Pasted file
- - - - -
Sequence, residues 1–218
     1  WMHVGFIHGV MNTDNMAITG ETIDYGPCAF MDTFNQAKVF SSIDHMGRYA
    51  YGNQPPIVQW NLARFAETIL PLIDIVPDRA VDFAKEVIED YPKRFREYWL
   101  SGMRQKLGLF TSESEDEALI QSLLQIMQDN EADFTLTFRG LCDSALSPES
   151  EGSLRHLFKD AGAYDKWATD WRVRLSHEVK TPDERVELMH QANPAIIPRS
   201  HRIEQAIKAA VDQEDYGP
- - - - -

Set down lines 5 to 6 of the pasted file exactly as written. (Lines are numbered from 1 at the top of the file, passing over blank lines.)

   151  EGSLRHLFKD AGAYDKWATD WRVRLSHEVK TPDERVELMH QANPAIIPRS
   201  HRIEQAIKAA VDQEDYGP